Wednesday, November 20, 2013

Short-day onions & more...

Garlic chives!
The winter edible season has started, but not before a couple of last gasps of the fall crops.

In doing the research for "Organic Methods for Vegetable Gardening in Florida," I planted some garlic chives.  I'd never planted them before and was prepared to be underwhelmed, but not so.  They've grown amazingly well, they are evergreen, and we love the taste--both cooked and raw. Plus they are beautiful even after frequent harvests.

I planted some Burpee 'Green Tiger' zucchini in September to see if we could get at least some zucchinis before frost. It's an iffy proposition with the shortening days and fewer squash flowers in bloom.  Each female flower in the squash family needs to be visited 8 or 9 times by a pollinator in the one day it's in bloom. I like to give it a go, though, because some zucchinis are better than no zucchinis at all! They will all be killed in the first frost, so this is a temporary pleasure.  This green tiger ended up in a stir fry. Yummy.

I planted the sugar snap peas in September as well but they usually do better with frost where only the flowers are hit while the rest of the vine stays green. We are looking forward to these sweet treats through most of the winter.  If a really cold snap is predicted, I may throw a tarp or blanket over the tomato cages to protect them. Since they are close to the house, it's warmer there already.

Green tiger zucchini. Sugar-snap pea flower.
Getting ready to plant onions: I worked in new compost and created 3 wide rows. I left the middle row unplanted for now.
In the bed beyond this one there are wide rows of parsley, purple carrots, cabbage, romaine, and in the back, sugar snap peas growing up the tomato cages.  In the foreground are white icicle radishes.
This year instead of waiting for Home Depot to get in its onion plants, hoping that they'll have short-day onions, I searched online for them. I wrote about this in "Recipe for failure: long-day onions in Florida." 

Short-day onions are important for success here in the South because we grow our onions straight through the winter when the days are short.  So I found Dixondale Farms that specializes in onions. I bought two bunches: one was the Yellow Granex, which is the type most of the farmers around Vidalia, GA plant. Only the farmers within four counties of the town can call their sweet onions Vidalias, but the onions we grow in north Florida can be just as sweet. The second bunch was the short-day sampler with a combination of Texas 1015Y super sweets (yellow), Texas early whites, and red Creoles. With at least 60 plants in each bunch, that's a lot of onions for us, but it was only $3 more for the second bunch.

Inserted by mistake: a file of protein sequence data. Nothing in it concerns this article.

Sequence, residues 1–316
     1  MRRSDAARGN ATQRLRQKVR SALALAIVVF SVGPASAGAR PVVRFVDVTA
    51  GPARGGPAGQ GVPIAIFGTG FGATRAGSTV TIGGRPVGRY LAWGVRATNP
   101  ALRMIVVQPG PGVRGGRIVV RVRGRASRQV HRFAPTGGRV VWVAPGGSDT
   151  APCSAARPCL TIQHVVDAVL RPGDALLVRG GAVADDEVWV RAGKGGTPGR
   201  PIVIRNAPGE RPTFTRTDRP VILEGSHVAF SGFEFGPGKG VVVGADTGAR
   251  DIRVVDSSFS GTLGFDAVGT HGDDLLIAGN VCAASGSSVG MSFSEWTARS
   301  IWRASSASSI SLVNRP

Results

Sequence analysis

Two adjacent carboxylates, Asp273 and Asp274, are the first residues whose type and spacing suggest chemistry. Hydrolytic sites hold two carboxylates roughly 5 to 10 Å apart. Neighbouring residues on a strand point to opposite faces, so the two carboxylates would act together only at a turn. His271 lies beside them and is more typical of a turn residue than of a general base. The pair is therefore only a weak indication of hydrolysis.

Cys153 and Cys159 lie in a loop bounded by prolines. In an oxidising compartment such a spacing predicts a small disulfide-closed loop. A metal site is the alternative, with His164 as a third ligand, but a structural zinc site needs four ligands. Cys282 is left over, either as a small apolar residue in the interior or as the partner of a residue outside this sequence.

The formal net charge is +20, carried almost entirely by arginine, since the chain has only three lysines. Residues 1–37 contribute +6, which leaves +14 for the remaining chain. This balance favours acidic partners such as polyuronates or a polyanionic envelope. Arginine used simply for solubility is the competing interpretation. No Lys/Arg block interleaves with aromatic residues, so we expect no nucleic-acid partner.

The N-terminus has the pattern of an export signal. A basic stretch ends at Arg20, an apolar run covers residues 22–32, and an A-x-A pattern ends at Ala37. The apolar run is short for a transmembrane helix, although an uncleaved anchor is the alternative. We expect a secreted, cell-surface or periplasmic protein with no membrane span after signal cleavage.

The bunches were shipped loose in their box, but seemed to withstand the rigors of shipping.  The tops were trimmed down to about 4 inches.  I planted them 4 inches apart in wide rows and lightly mulched them with pine needles & leaves.  3 days later, after a soaking rain, the plants have greened up and their leaves have already grown beyond their 4-inch trim.
Short-day sampler onion plants. After only 3 days and a rain, they've greened up.
Granex onions are planted 4 inches apart in 2 wide rows separated by a fallow row. The row next to the house is broccoli in a couple of different stages of growth--I re-seeded when some of the first crop didn't make it.

Garlic, black-seeded Simpson lettuce, Swiss-chard & dill, newly planted carrots, onion sampler, fallow row, and another onion row. Marigolds, lime basil, garlic chives, meadow garlic, and zucchini.
This shows the view down both sides of the newly expanded edible beds.  We enjoyed the lime basil for a change from the standard sweet basil. There are still some areas left open for later winter crops between the onion rows and next to the meadow garlic.  Of course, the zucchini won't last past a frost, so that area will open up soon.  The marigolds, which I'd planted extensively over the summer will also die with the first frost. This is the last patch and the butterflies visit every day. I'll save a bunch of seeds for more marigolds next year.  Our first frost usually comes in mid-December. To see the process of expanding these beds, see "Further lawn reduction, more edible garden space, and zebra longwings!"

Newly hatched turtle in the herb garden.
We found this baby turtle crawling around in the herb garden. I'm not sure whether it's a musk turtle or a mud turtle, but in any case, we gave it a ride around the house and put it down on the shoreline of the pond out front. We wished it luck as it crawled into the water.

I hope you are enjoying the wildlife in your yard this fall. And I wish you great bounty for Thanksgiving and beyond. I am thankful for you, the readers, who share our adventures in and out of the garden.

Green Gardening Matters, 
Ginny Stibolt

1 comment:

  1. Cute little musk turtle (stinkpot), Sternotherus odoratus.